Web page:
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Credibility is a critical resource at start up and represents an important element of the entrepreneur’s personal contact network

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  1. Introduction
  2. Basis for credibility
    1. what makes people have confidence in you?
    2. The first component: Trust
    3. The second component: Competence
    4. The 'symbolic' or 'social network'
  3. The problem met while networking
    1. The difficulty in establishing credibility
    2. Credibility and incidents in the relationship
    3. Analysing the general characteristics of networks
  4. The advantages of the Entrepreneurs' network
    1. The theory of the 'merry go round'
    2. Credibility: A key ingredient for the success of start ups
  5. Conclusion
  6. References

Traditionally, entrepreneurs have been considered as individuals with a strong, often charismatic, leadership as well as a high drive for individualism and independence. However, a business unit does not exist in isolation since it is, or will be, in contact with a whole range of other organisations. Porter and Ketels' (2003, p45) study of British competitiveness noticed business networking often plays a particularly important role in the diffusion of new management best practice and innovation. This is particularly relevant for entrepreneurial start-ups if we consider Schumpeter's analysis that the entrepreneur leads the way in creating new industries. Thus, entrepreneurs are bound to cooperate at most during the creation of their company, which is a critical step for businesses survival, as the initial resources on which they can rely on are limited. A means to overcome this is the credibility these businesses can get from their network. However, there are no studies on credibility in the fields of entrepreneurship, as research has been linked only with marketing and organisational behaviour (Ali & Birley, 1998, p750).
Sociological studies have suggested that credibility is made up of meriting trust or confidence, as well as being able to persuade as a person or message source, which is generally associated with prestige. This has an impact on a network that consists of single nodes (actors) and connections between these nodes (dyads), (Walker 1988, p228). Firstly, this paper reviews the existing literature on the credibility of the entrepreneur. Secondly, the problem encountered while entering the network will be discussed. Finally, the essay will analyse the structure of networks related to the services provided by partners and to start-up success. The paper critically examines empirical studies on the subject, in order to highlight the features and weaknesses which could possibly be the object of further research.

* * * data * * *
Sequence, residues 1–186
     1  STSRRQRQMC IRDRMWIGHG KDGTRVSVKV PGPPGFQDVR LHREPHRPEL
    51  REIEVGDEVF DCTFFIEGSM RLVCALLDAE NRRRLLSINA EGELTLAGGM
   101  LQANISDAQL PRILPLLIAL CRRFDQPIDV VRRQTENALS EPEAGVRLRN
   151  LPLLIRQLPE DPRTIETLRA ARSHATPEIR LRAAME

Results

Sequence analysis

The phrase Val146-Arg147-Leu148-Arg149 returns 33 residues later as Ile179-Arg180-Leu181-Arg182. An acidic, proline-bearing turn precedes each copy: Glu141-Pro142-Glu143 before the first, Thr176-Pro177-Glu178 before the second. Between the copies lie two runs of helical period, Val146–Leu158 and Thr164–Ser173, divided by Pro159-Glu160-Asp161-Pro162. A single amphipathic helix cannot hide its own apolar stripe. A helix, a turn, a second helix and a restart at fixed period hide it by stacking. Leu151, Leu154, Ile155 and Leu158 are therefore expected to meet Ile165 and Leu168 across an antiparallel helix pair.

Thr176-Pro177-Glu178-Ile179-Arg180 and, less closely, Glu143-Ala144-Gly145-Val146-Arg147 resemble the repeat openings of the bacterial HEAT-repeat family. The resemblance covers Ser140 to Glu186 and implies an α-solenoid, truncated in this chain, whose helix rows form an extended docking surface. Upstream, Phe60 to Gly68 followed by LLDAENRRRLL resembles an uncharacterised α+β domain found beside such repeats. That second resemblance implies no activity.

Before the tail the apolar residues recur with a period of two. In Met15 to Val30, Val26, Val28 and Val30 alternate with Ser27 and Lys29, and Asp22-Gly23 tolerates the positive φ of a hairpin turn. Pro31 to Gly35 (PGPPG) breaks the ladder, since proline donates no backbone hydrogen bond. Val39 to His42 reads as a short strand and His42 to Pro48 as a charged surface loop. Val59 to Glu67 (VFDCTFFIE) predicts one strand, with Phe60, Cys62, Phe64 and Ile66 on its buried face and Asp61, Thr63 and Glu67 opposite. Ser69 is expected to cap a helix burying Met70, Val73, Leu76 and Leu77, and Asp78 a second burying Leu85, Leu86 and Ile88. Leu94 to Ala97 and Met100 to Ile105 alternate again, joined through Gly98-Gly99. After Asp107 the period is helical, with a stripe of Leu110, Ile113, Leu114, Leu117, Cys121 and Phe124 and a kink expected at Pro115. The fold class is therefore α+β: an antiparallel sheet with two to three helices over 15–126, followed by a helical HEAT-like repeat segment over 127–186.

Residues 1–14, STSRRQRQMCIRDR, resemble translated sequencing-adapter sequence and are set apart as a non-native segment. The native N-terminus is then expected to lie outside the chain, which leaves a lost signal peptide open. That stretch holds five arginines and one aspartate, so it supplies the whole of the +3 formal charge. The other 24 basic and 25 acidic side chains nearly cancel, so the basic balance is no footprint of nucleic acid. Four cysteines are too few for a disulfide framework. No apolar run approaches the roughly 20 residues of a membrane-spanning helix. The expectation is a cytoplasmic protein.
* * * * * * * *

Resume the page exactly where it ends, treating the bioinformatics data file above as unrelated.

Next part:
[...] That can become an advantage since the small size of new start-ups is often a barrier to reach some services and inputs, like for example advertising, training, access to loan or finance at advantageous rates, consultancy, advice, financial services. Those items cannot be easily affordable for entrepreneurial businesses. The main advantage of networking is that it surmounts weaknesses by allowing entrepreneurs to get resources cheaper than they could be obtained on markets, and to secure resources that would not be available on markets at all, like reputation or customer contacts. [...]

[...] Yet, the notion of credibility is more complex and can be regarded as divided into two parts: perceived trustworthiness and competence. The first component, trust, can be a solution to the threat of risk and uncertainty within any business relationship. When trust and co-operation are safe and secured, the potential risk to the company is minimised whilst the partners are able to establish their reputation for honesty and consistency (Thompson 1993, p59). Contracting might also be a way of reducing hazards, though as Macaulay in Carter and Jones-Evans (2000, p 118) noted, detailed written clauses have their limitations since many of them engage non-legal sanctions. [...]

[...] Mayer, R C., Davis, J Schoorman, F D (1995). Integration Model of Organizational Trust', The Academy of Management Review. Briarcliff Manor: Vol Issue pp 709-735. Pittaway L Robertson Munir Denyer (2004), 'Networking and Innovation: A Systematic Review of the Evidence', Lancaster University Management School Working Paper, Lancaster, LUMSWP2004/016. Porter, M. and Ketels (2003), Competitiveness: Moving to the Next Stage', Management Research Forum, Summary report Advanced Institute of Management. Sako, M. (1992),'Prices, Quality, and Trust : Interfirm Relations in Britain and Japan' [...]

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